Years ago, when one of the weirder “leaks” of the George W. Bush administration was being investigated by a special counsel, Patrick Fitzgerald, the name “Scooter Libby” came into the American household. This was the man, supposedly, who “outed” a CIA employee by the name of Valerie Plame. Plame was not a covert operative, so it was always confusing as to why her exposure warranted a special counsel let alone the overreach, but someone out there thought it did.
As a result of the hounding witch hunt to find the leaker, somebody had to take the fall, and in the end it was Scooter Libby, an assistant to then Vice President Dick Cheney.
In 2007 when the conviction of perjury was hung around Libby’s neck, then President Bush commuted his sentence and Libby did community service and paid a fine. About the same time, future President Donald Trump called the conviction for what it was.
Speaking to Wolf Blitzer in 2007, Trump bemoaned Libby’s predicament.
“I think he probably took a bullet for the administration, but so far the administration hasn’t been so loyal to him,” Trump told CNN’s Wolf Blitzer. “I think he probably will, because otherwise he’s going to see some horrible books written by Scooter Libby.”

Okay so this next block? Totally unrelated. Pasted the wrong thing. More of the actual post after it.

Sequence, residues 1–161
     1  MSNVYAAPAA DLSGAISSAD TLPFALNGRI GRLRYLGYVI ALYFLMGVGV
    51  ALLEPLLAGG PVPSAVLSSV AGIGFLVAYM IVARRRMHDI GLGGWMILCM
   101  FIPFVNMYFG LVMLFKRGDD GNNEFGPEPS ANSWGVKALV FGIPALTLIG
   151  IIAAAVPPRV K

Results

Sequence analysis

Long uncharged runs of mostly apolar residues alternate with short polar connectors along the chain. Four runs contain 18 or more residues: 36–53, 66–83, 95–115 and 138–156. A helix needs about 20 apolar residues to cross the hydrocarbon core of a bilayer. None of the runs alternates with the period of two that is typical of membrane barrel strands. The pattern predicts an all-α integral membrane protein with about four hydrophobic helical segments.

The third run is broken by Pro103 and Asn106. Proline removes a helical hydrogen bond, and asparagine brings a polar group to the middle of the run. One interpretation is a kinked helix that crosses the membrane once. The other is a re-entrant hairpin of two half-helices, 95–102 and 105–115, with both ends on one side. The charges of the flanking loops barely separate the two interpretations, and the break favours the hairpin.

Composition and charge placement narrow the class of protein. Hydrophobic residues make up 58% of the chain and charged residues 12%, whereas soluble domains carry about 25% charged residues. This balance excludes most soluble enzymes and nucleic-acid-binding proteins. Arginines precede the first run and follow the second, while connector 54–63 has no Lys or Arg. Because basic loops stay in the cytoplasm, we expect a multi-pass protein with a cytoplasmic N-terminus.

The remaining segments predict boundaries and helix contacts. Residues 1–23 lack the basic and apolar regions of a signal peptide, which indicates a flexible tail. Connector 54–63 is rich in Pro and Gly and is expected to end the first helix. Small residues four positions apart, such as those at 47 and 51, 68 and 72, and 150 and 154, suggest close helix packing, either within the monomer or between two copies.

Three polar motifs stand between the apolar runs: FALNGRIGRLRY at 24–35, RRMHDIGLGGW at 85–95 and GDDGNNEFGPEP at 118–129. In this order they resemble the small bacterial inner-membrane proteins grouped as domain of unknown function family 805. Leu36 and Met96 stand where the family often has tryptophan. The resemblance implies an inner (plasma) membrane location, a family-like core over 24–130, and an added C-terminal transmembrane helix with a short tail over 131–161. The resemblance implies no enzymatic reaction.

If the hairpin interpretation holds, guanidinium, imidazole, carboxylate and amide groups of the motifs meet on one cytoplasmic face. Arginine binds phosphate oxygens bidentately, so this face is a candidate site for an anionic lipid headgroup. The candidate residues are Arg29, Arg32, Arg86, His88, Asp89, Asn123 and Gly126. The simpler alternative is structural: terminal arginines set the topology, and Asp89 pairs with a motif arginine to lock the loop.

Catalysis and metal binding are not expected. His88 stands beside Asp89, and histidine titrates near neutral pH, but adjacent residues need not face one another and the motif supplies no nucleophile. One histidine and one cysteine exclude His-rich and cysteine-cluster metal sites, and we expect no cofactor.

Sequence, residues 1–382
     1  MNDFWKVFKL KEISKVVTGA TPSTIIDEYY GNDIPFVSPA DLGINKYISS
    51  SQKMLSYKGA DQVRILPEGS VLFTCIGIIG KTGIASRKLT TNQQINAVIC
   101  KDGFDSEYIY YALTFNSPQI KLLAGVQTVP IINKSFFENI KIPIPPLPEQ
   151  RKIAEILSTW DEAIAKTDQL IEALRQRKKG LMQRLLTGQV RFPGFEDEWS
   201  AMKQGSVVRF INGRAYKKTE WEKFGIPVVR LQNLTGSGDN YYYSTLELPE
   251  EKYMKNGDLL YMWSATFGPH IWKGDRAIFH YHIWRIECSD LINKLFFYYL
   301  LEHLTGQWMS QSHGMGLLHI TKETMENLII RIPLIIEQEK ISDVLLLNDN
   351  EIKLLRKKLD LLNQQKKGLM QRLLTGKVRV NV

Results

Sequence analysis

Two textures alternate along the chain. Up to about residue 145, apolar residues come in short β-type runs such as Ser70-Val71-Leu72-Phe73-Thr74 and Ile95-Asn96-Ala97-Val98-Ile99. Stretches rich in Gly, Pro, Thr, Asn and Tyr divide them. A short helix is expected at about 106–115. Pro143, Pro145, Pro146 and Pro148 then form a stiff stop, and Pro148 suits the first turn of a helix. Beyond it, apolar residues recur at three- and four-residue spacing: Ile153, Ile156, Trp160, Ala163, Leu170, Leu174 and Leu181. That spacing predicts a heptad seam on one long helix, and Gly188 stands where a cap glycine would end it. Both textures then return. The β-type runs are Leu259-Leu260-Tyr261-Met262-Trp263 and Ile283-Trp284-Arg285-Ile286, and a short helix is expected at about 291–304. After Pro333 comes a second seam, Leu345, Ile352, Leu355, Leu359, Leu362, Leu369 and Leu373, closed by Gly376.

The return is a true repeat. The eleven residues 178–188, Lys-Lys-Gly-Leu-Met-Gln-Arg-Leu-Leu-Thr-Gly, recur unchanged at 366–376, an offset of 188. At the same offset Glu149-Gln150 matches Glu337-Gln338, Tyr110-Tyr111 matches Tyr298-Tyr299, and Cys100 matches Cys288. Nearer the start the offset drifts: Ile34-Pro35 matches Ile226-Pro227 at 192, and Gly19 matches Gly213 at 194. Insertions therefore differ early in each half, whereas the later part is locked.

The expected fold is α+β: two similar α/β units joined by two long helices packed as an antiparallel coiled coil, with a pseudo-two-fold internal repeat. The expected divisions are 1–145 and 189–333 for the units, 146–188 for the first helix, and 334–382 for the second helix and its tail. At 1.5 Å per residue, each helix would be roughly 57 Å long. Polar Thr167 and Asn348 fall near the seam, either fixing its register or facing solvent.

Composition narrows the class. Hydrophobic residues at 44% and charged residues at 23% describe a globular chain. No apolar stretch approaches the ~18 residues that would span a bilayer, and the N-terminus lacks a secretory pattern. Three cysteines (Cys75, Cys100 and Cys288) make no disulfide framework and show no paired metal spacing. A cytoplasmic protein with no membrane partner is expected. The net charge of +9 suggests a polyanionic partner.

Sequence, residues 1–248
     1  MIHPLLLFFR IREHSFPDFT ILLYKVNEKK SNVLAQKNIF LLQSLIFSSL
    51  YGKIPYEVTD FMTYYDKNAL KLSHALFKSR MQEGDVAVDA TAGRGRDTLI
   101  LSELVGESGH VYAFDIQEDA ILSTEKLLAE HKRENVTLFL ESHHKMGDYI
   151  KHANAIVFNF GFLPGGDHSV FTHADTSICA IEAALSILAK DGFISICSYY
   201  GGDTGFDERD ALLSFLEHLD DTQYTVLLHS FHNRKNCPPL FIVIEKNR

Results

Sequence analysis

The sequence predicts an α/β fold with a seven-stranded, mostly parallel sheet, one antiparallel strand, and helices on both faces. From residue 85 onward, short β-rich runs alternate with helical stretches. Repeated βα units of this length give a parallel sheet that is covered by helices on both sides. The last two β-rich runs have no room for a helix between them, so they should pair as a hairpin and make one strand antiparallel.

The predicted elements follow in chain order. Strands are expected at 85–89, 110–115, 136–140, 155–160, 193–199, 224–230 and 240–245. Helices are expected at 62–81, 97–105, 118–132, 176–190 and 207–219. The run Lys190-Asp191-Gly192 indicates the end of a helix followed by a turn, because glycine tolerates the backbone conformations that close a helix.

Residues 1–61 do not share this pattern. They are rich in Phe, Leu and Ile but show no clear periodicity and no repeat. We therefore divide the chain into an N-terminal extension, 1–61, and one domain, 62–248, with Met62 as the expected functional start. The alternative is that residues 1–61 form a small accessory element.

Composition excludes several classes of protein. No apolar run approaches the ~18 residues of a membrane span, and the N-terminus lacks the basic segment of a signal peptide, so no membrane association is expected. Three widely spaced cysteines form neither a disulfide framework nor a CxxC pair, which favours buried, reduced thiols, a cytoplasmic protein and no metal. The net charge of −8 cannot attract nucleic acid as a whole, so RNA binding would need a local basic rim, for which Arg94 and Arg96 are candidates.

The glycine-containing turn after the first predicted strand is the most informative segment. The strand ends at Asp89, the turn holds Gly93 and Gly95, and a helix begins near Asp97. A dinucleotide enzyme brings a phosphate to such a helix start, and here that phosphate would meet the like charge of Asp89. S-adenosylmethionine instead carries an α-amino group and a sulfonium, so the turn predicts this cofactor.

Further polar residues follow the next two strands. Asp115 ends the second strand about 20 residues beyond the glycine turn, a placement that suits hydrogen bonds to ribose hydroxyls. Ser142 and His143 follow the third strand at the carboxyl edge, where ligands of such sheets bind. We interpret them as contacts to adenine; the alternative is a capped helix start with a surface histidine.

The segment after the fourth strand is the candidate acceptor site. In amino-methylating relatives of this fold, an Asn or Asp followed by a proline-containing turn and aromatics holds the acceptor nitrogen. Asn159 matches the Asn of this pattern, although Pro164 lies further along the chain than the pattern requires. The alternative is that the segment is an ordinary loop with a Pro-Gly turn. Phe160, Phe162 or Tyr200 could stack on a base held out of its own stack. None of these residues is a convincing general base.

On Friday, without even meeting the man, President Trump made the conviction go away despite calls from various circles that there were conflicts of interest around the President when it comes to Libby.
Joe diGenova, who recently considered joining Trump's legal team confirms his wife, Victoria Toensing, who was also looking at joining the Trump legal team, is Scooter Libby's attorney.
— Jim Acosta (@Acosta) April 13, 2018
Mr. Acosta would do well to remember that diGenova and his wife refused to work for the administration pointing out conflicts of interest as the reason.
In a statement, Trump conceded he has no personal relationship with Libby, whose case has been held up by conservatives as an example of a special counsel overstepping his bounds.
“I don’t know Mr. Libby,” Trump said in a statement released by the White House. “But for years I have heard that he has been treated unfairly. Hopefully, this full pardon will help rectify a very sad portion of his life.”